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I currently have a design that is used to store user/selected options in a database, but I am not sure what I am doing is good or not. I need some opinion, suggestion and criticise on the design.

Pre-Condition:

  • The option is not always going to change
  • A lot of options is going to be used

Database Design:

Let's say I have a column named "country" in my user table and I store this data as an integer instead of a string (the country name). Then I use mapping to map the value to the country name in the code when I want to use it.

The reason I am doing this is because I am thinking that storing the value as an integer and retrieving the value from the integer is faster compared to a string. Furthermore, it is more or less on storage consumption.

The above is just an example; I wouldn't do this if I only need to store the user's country. I'm actually got plenty of tables that are required to store the user's option. Some of the options contain long strings such as 20 - 50 chars.

Code Mapping Design:

I created 2 Enum class: one is the base class and the other is the particular option class and I will implement the base class that help me to do the mapping.

Base Class:

abstract class BaseEnum {

    private static $constCacheArray = NULL;

    private static function getConstants() {
        if (self::$constCacheArray == NULL) {
            self::$constCacheArray = array();
        }
        $calledClass = get_called_class();
        if (!array_key_exists($calledClass, self::$constCacheArray)) {
            $reflect = new ReflectionClass($calledClass);
            self::$constCacheArray[$calledClass] = $reflect->getConstants();
        }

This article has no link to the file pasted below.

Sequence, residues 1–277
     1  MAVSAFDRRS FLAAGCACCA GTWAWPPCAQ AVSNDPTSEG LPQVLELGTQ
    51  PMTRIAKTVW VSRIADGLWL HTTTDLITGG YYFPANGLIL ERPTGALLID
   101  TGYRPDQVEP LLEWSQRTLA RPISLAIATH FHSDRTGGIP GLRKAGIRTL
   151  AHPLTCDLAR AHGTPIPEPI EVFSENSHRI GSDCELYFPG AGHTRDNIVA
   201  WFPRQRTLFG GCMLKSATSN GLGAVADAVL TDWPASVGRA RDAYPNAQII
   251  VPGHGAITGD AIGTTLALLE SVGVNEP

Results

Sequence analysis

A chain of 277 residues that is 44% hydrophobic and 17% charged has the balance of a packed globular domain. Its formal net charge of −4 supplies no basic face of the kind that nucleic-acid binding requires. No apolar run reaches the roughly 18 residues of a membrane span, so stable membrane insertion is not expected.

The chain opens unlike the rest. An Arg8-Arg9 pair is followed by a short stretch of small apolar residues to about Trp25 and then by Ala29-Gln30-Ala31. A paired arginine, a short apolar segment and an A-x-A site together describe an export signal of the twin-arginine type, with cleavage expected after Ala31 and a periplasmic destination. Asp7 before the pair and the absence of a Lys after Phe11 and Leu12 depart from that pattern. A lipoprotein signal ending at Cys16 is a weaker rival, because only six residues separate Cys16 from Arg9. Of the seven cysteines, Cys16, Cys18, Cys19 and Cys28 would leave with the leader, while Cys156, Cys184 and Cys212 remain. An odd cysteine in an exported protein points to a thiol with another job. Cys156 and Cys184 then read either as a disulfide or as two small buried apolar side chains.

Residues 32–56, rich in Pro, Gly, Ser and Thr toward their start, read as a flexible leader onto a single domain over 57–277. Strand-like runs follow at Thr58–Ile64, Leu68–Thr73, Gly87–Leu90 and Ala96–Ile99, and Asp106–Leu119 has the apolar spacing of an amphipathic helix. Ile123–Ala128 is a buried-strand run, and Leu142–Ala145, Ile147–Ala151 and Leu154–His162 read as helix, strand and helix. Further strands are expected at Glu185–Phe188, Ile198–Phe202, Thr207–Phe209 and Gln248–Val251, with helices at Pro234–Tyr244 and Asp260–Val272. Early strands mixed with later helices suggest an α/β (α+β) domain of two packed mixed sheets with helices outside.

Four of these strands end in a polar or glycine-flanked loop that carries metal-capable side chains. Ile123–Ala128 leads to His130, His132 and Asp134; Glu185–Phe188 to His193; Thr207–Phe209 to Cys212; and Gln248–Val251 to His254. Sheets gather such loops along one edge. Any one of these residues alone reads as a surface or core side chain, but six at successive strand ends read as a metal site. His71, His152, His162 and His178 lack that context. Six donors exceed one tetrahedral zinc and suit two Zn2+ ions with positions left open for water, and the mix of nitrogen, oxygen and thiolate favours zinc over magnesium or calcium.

return self::$constCacheArray[$calledClass];
    }

    public static function getAllOptions() {
        $options = array();
        foreach (self::getConstants() as $key => $value) {
            $options[substr($key, 1)] = $value;
        }
        return $options;
    }

    public static function getValue($key) {
        $key = '_' . $key;
        if(isset(self::getConstants()[$key])) {
            return self::getConstants()[$key];
        }
        return FALSE;
    }

    public static function isKeyExist($key) {
        $key = '_' . $key;
        if(isset(self::getConstants()[$key])) {
            return TRUE;
        }
        return FALSE;
    }

}

Country Class:

class Country extends BaseEnum {
    const _1 = 'Afghanistan';
    const _2 = 'Albania';
    const _3 = 'Bangladesh';
    const _4 = 'Brazil';
    const _5 = 'Denmark';
    const _6 = 'United Kingdom';
    ...

}

When the time I want to use to display the option into HTML, I do this:

<?php
    ...
    $options = Country::getAllOptions();
    foreach($options as $key => $value) {
        echo '<option value="'.$key.'">'.$value.'</option>'
    }
    ...
?>

When I want to display user-selected value, I do this:

 <?php
        ...
        $user = new User();
        $options = Country::getAllOptions();
        foreach($options as $key => $value) {
            if($user->getCountry() == $key) {
                echo '<option value="'.$key.'" selected="selected">'.$value.'</option>';
            } else {
                echo '<option value="'.$key.'">'.$value.'</option>';
            }

        }
        ...
    ?>

Is there any wrong with this design? Or is it better to maintain all these options in the DB? Or is there other any other better ways to do this?

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This looks pretty good IMO. If you are considering taking these values to the database, make sure you create a separate table for each category. Do not use enum type columns.

However there are few minor things I noticed that you can refactor.

  • Initialize $constCacheArray as an array so you can avoid the first 3 lines in getConstants()

  • isKeyExist method can be a single line

    public static function isKeyExist($key) {
        return (isset(self::getConstants()['_' . $key]);
    }
    

    getValue method has similar logic too but for readability's sake you can keep it as it is.

  • Avoid method calls inside loops. Take $user->getCountry() out of the foreach and assign it to variable which you will use for comparison.

  • Also to remove the _s from the keys you can use a regex. If you plan to use string keys for enums (eg: const disabled = 'Disabled';), this will come in handy.

    json_decode(preg_replace('/"_([0-9]*)":/i', '"$1":', json_encode($arr)), true)

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